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Pwn2Own Hacking Contest to Target Browser Plug-ins

Hackers participating in this year’s Pwn2Own contest at the CanSecWest conference in Vancouver will have more than just a web browser to use as their playground.

This time, the upcoming competition will feature a new focus on browser plug-ins.

Hackers participating in this year’s Pwn2Own contest at the CanSecWest conference in Vancouver will have more than just a web browser to use as their playground.

This time, the upcoming competition will feature a new focus on browser plug-ins.

“Over the last several years, we have seen browser plug-in vulnerabilities become increasingly popular in exploit kits and malware,” blogged Brian Gorenc, manager of vulnerability research at HP TippingPoint’s DVLabs. “These vulnerabilities affect a large percentage of the Internet community and are quickly weaponized by attackers.”

“That being said, we are not forgetting about the browser as we will again be focusing on finding, demonstrating, and responsibly disclosing vulnerabilities in all the popular web browsers,” he continued. “We would also like to thank our friends at Google for stepping up to provide partial sponsorship for all targets in this year’s competition.”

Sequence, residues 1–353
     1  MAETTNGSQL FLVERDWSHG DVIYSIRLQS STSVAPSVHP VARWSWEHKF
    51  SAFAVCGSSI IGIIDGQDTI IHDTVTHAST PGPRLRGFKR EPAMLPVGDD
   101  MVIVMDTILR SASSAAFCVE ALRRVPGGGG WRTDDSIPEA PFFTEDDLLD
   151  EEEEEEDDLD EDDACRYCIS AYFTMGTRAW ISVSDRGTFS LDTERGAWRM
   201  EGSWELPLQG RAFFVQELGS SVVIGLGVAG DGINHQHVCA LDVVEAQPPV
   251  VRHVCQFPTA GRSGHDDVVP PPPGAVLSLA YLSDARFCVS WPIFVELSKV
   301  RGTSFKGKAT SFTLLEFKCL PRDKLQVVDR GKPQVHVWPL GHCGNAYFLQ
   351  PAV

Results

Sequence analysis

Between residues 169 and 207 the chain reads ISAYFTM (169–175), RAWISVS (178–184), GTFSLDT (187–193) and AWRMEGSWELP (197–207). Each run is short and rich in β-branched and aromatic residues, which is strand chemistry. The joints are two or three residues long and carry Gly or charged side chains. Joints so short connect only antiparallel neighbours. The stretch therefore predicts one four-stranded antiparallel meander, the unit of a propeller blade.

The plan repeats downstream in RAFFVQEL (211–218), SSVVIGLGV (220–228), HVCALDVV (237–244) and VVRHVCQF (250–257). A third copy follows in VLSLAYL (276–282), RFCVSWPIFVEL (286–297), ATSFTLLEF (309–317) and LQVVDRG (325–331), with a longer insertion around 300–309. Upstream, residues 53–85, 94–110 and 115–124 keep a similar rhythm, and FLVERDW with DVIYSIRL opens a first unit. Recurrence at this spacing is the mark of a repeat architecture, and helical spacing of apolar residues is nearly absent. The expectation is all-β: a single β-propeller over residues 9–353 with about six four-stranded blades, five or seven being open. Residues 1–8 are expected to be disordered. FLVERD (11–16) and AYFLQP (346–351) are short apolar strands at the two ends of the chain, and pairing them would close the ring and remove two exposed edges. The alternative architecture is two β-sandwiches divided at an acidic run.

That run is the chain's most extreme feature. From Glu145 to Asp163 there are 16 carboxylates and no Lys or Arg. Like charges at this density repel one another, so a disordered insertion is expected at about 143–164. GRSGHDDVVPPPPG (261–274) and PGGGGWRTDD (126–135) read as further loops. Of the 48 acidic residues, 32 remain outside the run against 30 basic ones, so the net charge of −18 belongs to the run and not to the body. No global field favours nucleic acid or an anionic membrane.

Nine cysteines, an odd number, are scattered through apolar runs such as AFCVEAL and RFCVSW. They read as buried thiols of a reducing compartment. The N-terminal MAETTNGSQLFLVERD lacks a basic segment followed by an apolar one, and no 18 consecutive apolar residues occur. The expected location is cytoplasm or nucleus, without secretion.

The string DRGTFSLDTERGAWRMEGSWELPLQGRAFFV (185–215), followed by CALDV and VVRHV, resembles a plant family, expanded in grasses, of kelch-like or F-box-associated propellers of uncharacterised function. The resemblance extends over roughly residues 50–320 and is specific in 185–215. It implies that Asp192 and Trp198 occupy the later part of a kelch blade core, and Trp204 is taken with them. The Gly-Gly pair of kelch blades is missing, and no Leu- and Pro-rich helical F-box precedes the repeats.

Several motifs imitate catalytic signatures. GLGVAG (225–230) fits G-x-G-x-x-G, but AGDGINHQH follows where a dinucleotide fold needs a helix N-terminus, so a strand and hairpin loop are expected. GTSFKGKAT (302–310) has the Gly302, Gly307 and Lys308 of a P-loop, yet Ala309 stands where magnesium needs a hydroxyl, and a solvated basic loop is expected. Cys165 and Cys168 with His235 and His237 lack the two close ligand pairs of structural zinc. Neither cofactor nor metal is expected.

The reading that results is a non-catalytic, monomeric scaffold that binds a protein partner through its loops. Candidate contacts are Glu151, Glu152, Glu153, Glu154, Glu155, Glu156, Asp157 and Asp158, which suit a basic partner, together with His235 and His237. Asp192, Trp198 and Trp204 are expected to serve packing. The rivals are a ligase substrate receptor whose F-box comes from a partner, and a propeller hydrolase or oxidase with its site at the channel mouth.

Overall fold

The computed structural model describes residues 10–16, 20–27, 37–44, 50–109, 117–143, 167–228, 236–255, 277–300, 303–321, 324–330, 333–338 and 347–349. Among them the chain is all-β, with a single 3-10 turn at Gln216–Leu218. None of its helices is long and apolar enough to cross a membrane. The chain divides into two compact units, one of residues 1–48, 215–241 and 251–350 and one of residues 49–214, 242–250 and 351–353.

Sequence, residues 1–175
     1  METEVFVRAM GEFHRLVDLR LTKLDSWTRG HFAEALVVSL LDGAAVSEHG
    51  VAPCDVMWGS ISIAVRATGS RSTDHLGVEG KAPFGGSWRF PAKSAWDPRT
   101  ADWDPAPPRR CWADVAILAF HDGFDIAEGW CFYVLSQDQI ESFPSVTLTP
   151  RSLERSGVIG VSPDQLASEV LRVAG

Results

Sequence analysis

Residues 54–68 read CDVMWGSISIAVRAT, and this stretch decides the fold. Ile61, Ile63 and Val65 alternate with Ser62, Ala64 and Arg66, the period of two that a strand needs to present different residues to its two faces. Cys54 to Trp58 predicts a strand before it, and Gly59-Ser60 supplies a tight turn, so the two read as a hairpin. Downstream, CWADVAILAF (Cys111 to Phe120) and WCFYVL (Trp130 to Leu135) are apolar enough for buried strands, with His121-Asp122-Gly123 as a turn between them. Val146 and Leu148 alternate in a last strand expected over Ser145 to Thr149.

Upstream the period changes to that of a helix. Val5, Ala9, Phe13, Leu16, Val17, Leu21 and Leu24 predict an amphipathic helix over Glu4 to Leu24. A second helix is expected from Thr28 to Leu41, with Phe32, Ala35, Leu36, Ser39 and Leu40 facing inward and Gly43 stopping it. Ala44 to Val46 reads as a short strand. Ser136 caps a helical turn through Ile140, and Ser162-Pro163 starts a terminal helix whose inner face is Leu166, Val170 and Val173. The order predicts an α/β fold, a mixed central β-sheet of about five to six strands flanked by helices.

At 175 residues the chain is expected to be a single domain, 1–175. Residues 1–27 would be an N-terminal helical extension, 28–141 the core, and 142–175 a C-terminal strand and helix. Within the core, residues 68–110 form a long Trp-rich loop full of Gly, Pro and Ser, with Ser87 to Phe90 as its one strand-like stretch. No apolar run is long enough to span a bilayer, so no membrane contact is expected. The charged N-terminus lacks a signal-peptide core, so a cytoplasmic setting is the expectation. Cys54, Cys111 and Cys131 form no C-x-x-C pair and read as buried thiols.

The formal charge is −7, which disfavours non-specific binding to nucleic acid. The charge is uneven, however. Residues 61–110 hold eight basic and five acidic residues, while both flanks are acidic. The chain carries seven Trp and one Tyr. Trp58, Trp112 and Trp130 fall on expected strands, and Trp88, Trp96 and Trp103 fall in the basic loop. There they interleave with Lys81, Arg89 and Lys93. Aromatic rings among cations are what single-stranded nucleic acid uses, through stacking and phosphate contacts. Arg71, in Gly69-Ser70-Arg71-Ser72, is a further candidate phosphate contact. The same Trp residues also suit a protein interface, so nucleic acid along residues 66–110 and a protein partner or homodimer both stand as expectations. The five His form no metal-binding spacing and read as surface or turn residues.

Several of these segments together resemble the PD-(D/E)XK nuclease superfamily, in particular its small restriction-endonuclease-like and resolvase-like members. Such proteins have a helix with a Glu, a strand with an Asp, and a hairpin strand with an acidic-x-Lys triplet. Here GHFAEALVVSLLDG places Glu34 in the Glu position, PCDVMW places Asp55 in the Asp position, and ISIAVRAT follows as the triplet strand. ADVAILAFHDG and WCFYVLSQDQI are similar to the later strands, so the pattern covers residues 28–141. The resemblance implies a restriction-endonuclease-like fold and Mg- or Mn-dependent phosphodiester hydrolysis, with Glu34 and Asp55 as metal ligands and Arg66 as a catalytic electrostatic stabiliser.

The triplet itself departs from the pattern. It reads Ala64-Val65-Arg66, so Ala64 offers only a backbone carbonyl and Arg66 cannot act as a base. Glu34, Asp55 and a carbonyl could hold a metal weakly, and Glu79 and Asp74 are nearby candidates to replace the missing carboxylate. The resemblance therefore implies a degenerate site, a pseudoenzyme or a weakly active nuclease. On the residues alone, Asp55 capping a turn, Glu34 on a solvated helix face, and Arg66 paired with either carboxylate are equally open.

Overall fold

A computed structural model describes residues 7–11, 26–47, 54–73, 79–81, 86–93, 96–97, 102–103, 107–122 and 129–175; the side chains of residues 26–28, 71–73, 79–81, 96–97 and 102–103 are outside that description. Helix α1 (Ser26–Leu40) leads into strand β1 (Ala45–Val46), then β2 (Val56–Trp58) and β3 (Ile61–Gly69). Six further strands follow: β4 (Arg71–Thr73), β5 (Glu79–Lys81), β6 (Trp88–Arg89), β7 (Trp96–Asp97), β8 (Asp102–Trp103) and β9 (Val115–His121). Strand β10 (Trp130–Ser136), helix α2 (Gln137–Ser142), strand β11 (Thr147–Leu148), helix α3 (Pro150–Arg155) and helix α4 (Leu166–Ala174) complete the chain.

Researchers will be competing for a chance to win more than $500,000 in prize money. Their targets: Google Chrome on Windows 7; Microsoft Internet Explorer 10 (IE 10) on Windows 8; Internet Explorer 9 on Windows 7; Mozilla Firefox on Windows 7; and Apple Safari on Mac OS X Mountain Lion (10.8). Those going after browser plug-ins will have to target Adobe Reader XI, Adobe Flash and Oracle Java on IE9 on Windows 7.

The single largest prizes are reserved for the first person to take down Chrome on Windows 7 or IE10 on Windows 8. In both cases, the winner will receive $100,000. Compromising IE 9 on Windows 7 will earn the hacker $75,000, while going after Firefox and Safari will garner prizes of $60,000 and $65,000 respectively.

For the browser plug-ins, the largest prizes will go for targeting the Adobe Reader and Flash plug-ins (both $70,000), while the Java plug-in will be worth $20,000.

“The targets will be running on the latest, fully patched version of the Windows 7, 8, and OS X Mountain Lion,” Gorenc blogged. “All targets will be installed in their default configurations, as this is how a majority of users will have them configured. As always, the vulnerabilities utilized in the attack must be unknown and not previously reported to the vendor. If a sandbox is present, a full sandbox escape is required to win. A given vulnerability may only be used once across all categories.”

Any vulnerability used at the event will be disclosed to the affected vendors. The contest will run March 6-8. Information regarding the rules can be found here

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